The publications that Luís Moita passed on to her were also the source of a great fear that she never forgot. "I lived with my sister, who had studied in Coimbra and was living in Lisbon, – she was working in the Overseas Ministry and already had a child, – and with another sister, who was there for her studies. In my room there was a picture of Che Guevara hanging on the wall. One day, very early in the morning, my sister came into my room, frightened, saying that the PIDE was there. Both agents went to my sister’s room.

I ran into the scullery – which was always full of things, messy – and I threw the documents of Luís Moita and another book onto the highest shelf. Then, with my little sister, we went to the bathroom, tore up the rest of the material and threw it in the toilet. As for Che’s photo, I hid it under the mattress and lay down. Fortunately, the PIDE were only interested in my sister, who had no political activity. She had probably been denounced by a ministry colleague who did not like her and who said she had political connections. The PIDE found in my sister’s things a calendar where there was a map of Africa and they wanted to know what this map meant.

I did not even see them, they did not care about me. My sister was taken to António Maria Cardo Street for interrogation, and until April 25 she was obliged to attend every week."

Such situations were very frightening because they could endanger the organization if we were tortured and could not stand it. "I was very afraid of being arrested. We thought that we would hold on and not talk, but I thought that anything could happen, that we did not know in advance. And anyone who spoke would have put the whole organization in danger."

The House of Students from the Colonies (CEC)

After the 25 April, they began to call for the immediate independence of the colonies and to demand "not one more soldier for the colonies".

On May 3, Helena and two other classmates from the LCI and the PAIGC gathered as many African students as possible in the student room of Santa Maria Hospital, where student general assemblies and meetings of the Commission to Combat Repression were held. During this meeting, Helena’s task was to get it to vote for the occupation of the Overseas Students Office (PEU). "The PEU was a structure of the regime whose function was to regiment African students, so that they were against independence and against liberation movements. A fascistic structure. Students were often encouraged to denounce those among them who did not follow the line of support for the fascist and colonial regime. There were rewards: trips to their countries of origin, books, concert tickets, among other things. With the support of the Portuguese students, especially the Trotskyists who were in the Faculty, we left for the Avenue of May 28 (today Armed Forces Avenue) and we occupied the PEU. And we transformed it into a House of Students from the Colonies (CEC)."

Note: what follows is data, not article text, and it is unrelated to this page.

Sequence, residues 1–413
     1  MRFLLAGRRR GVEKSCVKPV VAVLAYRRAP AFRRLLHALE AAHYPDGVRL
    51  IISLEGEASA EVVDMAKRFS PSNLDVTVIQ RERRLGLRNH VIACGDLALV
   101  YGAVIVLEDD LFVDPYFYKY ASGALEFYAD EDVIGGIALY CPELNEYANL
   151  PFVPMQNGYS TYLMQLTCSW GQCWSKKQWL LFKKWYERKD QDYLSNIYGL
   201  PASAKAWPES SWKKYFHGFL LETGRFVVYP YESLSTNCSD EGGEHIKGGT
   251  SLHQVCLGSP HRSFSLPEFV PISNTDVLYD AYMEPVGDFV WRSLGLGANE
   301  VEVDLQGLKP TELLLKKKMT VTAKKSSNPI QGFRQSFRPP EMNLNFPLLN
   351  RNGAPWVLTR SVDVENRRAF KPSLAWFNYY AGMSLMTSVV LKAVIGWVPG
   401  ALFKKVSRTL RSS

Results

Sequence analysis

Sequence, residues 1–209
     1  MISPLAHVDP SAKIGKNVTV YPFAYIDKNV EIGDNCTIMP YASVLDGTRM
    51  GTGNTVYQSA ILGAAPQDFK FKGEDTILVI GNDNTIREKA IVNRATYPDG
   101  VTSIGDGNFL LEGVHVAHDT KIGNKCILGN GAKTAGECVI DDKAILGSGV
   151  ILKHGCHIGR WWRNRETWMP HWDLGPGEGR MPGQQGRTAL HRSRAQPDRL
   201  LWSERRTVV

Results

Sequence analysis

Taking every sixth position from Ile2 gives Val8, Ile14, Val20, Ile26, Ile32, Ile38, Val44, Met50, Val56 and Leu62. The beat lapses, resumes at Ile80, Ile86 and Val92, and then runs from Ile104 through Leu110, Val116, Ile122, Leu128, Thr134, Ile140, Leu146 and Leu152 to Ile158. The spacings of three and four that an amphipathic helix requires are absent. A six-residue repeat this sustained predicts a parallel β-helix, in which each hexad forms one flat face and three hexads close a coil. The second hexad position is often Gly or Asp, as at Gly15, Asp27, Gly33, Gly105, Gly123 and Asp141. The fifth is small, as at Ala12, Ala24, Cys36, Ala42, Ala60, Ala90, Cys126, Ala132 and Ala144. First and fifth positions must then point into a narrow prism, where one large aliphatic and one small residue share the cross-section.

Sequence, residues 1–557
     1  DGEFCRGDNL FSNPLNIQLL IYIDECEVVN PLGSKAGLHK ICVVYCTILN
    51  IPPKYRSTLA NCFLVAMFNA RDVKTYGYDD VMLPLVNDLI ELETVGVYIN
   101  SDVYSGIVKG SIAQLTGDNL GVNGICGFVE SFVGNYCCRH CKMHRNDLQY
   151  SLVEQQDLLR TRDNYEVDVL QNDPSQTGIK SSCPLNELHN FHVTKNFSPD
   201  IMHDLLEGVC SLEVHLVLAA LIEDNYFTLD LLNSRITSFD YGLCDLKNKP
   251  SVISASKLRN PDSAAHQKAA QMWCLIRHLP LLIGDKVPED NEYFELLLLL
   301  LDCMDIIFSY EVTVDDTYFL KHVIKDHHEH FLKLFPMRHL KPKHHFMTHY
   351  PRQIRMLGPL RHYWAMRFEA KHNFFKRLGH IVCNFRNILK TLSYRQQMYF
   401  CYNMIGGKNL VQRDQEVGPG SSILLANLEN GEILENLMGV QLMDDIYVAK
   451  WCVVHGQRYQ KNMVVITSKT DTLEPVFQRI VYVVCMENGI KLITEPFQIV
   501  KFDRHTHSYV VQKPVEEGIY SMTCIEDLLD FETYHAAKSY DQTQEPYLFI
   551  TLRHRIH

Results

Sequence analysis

Helena was elected president of the CEC, which was recognized by the Armed Forces Movement (MFA). The leadership was also composed of two comrades from Angola, one from Mozambique and one from São Tomé. "Our activity was really considerable. We had countless meetings where we discussed everything and more. We had strong support from the LCI. The majority of the students had never participated before in a general assembly, did not know what a meeting was, a motion, a point of order ... It was an incredible learning curve. As a leadership, we produced education material for students, especially on the liberation struggles. Starting from the CEC, the students participated in all the demonstrations, in an organized way, during which they carried placards saying: ‘PAIGC, MPLA, MLSTP, FRELIMO ... the only representatives of the peoples of the colonies’, ‘Immediate independence!’ and ‘Not one more soldier for the colonies’."

The CEC students also took part in our first big meeting at the Voz do Operário. [7] "We defended the fact that the liberation movements were the only representatives of the peoples of the colonies and that negotiations should begin immediately, just as it was necessary immediately to stop sending soldiers to the colonies. When, shortly after April 25, the UN Secretary General came, students from the CEC joined thousands of protesters demanding independence for the colonies and wrote a letter with their demands."

The CEC was an important part of political education: "We mobilized a lot of people. Many of those who went through the CEC and had no previous political background subsequently joined the governments of their country. For this reason, many other far-left parties were attracted to the CEC; nevertheless, because of the direct links with the LCI, "the Trotskyists had very great influence" in the organization. Ernest Mandel even gave a lecture.